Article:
This year, Good Deeds Day comes at a particularly appropriate time – with violence and war becoming reality for millions of people, volunteering to benefit others is a sure way to spread much-needed kindness near and far.

Launched back in 2007, Good Deeds Day has grown from a local volunteering event in Israel into a globe-spanning phenomenon celebrated in more than 100 countries. Individuals and groups volunteer across various fields such as beach clean-ups and school renovations.

In Israel, Good Deeds Day is scheduled for March 29, and internationally on April 3.

Arab and Jewish schoolchildren jointly clean spaces and undertake some planting during last year’s Good Deeds Day in Israel. Photo courtesy of Ruach Tova

Israelis can sign up for volunteer activities individually or as part of a group, or simply come to one of 100 Good Deeds stations located across the country.

Activities will include, for example, computer training for the elderly, fixing kids’ bikes, organizing food packages and sprucing up neighborhoods.

This year will also see the return of the successful #FAMING campaign that encourages people to share kind and positive stories on social media in a bid to counter the online shaming phenomenon.

Children help the elderly to cultivate their gardens during last year’s Good Deeds Day in Israel. Photo courtesy of Ruach Tova

Abroad, activities will differ from country to country.

In Uganda, for example, 5,000 people are scheduled to participate in a range of activities from marching in a brass band to caring for the elderly, while Mexico is set to host a kite festival and sports activities and workshops aimed at raising environmental awareness.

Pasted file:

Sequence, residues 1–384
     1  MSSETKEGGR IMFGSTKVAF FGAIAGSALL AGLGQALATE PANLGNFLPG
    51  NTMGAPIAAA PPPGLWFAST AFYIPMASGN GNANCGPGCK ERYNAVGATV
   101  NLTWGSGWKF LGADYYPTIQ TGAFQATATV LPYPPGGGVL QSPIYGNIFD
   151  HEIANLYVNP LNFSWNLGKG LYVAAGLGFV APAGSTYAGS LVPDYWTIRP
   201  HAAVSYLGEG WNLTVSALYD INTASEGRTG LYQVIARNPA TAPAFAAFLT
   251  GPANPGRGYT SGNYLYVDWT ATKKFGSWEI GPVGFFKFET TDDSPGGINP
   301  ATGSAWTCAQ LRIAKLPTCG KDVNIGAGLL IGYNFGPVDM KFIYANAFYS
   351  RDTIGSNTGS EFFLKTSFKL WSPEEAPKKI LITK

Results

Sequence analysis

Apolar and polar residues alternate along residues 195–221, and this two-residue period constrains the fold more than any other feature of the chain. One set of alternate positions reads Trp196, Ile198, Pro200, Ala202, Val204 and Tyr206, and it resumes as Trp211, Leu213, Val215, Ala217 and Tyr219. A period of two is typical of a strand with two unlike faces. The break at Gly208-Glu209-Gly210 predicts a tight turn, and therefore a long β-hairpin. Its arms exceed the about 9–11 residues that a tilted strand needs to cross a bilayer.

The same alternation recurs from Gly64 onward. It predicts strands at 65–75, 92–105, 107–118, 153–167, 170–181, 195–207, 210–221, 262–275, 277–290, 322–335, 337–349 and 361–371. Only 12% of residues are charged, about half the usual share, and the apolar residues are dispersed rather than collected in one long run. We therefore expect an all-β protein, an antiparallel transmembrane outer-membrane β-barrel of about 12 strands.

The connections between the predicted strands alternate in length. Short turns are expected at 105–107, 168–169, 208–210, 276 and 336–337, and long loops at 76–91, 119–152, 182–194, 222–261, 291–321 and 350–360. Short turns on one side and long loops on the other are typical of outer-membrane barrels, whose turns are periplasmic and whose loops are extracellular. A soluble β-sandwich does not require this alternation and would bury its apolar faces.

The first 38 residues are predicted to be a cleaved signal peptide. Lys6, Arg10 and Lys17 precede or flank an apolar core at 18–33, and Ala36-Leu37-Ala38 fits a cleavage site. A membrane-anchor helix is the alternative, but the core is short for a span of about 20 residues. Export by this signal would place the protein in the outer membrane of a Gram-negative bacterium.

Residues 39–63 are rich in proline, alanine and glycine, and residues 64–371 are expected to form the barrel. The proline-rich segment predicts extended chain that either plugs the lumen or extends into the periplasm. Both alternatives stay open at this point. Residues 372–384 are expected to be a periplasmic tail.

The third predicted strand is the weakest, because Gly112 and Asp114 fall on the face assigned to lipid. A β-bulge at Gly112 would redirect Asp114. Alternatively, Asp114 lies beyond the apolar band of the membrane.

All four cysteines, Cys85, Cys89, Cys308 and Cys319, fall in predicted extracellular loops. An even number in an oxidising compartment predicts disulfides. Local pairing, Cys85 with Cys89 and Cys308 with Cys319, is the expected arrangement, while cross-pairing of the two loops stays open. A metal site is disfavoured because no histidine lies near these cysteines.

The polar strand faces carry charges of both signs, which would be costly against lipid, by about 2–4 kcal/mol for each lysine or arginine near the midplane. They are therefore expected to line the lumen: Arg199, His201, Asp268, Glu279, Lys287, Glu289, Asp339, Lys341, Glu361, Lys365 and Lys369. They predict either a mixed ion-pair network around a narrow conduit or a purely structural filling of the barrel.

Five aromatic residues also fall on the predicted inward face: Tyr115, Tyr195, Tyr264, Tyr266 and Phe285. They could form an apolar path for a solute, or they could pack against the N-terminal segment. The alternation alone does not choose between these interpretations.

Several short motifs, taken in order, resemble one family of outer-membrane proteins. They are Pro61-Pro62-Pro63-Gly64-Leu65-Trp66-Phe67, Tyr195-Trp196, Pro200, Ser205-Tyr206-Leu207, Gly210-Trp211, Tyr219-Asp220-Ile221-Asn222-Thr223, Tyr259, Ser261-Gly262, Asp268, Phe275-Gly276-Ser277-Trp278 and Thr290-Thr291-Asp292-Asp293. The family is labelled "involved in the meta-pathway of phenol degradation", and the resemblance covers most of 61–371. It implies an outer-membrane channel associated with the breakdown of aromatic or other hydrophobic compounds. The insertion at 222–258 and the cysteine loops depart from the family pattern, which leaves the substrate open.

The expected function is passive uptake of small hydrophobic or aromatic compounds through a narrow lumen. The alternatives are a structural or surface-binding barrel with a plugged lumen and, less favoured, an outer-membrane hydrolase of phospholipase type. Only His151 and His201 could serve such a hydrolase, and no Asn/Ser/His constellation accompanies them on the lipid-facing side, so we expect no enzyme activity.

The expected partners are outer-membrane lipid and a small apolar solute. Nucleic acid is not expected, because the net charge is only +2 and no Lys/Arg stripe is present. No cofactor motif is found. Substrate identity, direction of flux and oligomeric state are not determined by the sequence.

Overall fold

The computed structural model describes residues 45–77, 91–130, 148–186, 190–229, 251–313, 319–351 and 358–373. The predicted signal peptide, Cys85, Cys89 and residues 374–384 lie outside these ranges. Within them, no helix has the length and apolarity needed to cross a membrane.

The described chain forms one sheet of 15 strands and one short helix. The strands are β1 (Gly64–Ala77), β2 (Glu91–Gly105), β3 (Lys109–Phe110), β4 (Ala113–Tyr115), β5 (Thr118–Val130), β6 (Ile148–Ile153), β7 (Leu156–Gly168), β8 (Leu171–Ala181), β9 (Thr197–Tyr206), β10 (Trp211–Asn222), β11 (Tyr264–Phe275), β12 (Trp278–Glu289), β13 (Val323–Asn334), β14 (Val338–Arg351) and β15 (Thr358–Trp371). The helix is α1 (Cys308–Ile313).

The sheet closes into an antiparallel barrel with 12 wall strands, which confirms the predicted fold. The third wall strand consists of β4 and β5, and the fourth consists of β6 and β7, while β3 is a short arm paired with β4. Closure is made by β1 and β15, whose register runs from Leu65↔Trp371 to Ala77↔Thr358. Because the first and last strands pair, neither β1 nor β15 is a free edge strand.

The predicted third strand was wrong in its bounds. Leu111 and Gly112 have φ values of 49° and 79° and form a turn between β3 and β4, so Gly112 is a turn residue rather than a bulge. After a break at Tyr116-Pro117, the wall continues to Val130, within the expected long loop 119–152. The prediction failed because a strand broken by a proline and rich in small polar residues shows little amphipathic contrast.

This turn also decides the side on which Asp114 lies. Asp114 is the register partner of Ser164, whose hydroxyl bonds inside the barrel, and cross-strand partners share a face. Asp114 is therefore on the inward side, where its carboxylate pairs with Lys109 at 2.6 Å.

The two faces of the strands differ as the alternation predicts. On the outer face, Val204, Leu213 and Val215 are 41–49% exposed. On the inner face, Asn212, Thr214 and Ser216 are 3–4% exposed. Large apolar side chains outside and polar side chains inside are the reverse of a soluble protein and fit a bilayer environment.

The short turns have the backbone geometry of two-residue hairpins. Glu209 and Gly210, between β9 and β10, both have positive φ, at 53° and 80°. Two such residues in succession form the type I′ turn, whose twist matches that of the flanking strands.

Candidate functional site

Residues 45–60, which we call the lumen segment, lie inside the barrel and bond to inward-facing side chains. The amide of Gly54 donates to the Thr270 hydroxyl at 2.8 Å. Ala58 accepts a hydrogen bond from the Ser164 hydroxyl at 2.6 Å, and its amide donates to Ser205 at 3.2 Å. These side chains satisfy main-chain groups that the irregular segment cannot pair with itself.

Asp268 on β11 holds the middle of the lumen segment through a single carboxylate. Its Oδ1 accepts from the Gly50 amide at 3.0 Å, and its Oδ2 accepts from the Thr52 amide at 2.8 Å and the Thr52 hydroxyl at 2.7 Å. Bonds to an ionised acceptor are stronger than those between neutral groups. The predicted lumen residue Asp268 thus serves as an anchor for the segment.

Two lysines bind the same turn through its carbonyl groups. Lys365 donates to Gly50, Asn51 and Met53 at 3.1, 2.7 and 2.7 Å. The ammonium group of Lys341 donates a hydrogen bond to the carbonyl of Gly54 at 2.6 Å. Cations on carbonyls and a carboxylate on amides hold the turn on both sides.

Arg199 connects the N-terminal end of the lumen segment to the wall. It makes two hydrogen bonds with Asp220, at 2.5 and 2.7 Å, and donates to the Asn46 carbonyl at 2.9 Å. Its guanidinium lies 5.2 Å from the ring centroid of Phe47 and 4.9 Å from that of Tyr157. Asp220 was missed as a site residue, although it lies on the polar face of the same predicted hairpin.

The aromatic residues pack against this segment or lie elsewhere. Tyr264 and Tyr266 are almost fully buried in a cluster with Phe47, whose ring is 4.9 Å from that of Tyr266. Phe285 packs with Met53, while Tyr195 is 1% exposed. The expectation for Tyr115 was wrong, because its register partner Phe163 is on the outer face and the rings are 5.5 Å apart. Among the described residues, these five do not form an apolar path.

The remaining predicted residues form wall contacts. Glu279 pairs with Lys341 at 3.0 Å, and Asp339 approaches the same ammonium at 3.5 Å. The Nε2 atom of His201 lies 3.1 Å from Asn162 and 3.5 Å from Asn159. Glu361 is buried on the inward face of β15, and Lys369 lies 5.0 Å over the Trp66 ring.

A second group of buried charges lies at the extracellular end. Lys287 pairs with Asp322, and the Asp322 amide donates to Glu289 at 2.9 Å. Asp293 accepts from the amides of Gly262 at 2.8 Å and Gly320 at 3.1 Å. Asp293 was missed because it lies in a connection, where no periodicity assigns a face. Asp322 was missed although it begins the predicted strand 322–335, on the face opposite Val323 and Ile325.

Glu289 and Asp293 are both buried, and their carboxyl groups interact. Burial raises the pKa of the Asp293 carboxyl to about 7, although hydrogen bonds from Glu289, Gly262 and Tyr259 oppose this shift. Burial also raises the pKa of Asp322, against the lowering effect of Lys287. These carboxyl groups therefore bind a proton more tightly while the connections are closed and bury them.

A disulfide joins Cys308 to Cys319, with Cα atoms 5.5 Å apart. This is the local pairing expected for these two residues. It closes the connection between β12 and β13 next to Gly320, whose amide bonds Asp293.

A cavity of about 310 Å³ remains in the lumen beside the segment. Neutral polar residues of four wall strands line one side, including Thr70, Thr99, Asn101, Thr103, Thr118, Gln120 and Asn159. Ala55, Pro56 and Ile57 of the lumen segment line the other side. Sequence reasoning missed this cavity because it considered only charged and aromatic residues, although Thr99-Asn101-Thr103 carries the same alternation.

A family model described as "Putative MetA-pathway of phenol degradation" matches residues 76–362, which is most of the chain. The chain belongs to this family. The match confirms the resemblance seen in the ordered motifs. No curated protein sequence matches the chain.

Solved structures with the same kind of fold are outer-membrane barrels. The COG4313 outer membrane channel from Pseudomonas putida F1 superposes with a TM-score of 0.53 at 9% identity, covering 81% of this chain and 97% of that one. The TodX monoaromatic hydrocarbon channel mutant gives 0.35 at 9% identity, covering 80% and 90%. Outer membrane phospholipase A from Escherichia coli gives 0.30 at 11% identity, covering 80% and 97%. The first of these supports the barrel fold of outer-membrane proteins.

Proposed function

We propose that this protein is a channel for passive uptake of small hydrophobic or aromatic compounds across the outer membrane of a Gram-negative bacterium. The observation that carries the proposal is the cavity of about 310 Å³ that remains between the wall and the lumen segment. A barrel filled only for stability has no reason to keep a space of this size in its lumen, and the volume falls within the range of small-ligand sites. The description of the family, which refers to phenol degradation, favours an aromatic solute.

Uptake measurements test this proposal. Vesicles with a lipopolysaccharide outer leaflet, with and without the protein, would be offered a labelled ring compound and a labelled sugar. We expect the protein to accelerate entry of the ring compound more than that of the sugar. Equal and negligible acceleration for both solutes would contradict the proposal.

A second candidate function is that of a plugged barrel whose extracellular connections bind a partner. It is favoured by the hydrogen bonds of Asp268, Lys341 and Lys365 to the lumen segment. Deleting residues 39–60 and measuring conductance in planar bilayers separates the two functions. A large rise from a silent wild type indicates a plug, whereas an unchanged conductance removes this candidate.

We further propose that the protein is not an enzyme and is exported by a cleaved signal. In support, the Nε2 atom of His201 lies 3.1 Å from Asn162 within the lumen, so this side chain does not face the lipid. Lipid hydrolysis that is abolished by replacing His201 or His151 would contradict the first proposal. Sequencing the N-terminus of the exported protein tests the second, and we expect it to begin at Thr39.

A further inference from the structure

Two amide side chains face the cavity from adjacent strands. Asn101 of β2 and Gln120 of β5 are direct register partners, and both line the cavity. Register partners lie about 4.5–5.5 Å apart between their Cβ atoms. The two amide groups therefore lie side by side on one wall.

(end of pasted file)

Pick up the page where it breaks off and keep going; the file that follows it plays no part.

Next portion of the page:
In Cambodia, Good Deeds Day volunteers plan to release millions of fish symbolizing happiness and luck, and Greece is set to see a major beach clean-up.

“This day, which I initiated 16 years ago, is a peak event of doing good activities that take place all year round, and I believe that if we think good, speak good, and do good, our world will look different, every day,” said businesswoman and philanthropist Shari Arison.

“All of us together have the power to lead the world to a better place, each in their own way and according to their heart’s desire,” Arison continued.

“It is heartwarming to see the outpouring of responses from people across the globe who extend a helping hand at this time, in any way possible, either face-to-face or by ‘faming’ on social media, and in numerous other ways that do good for the benefit of others.”

Find out how you can take part here.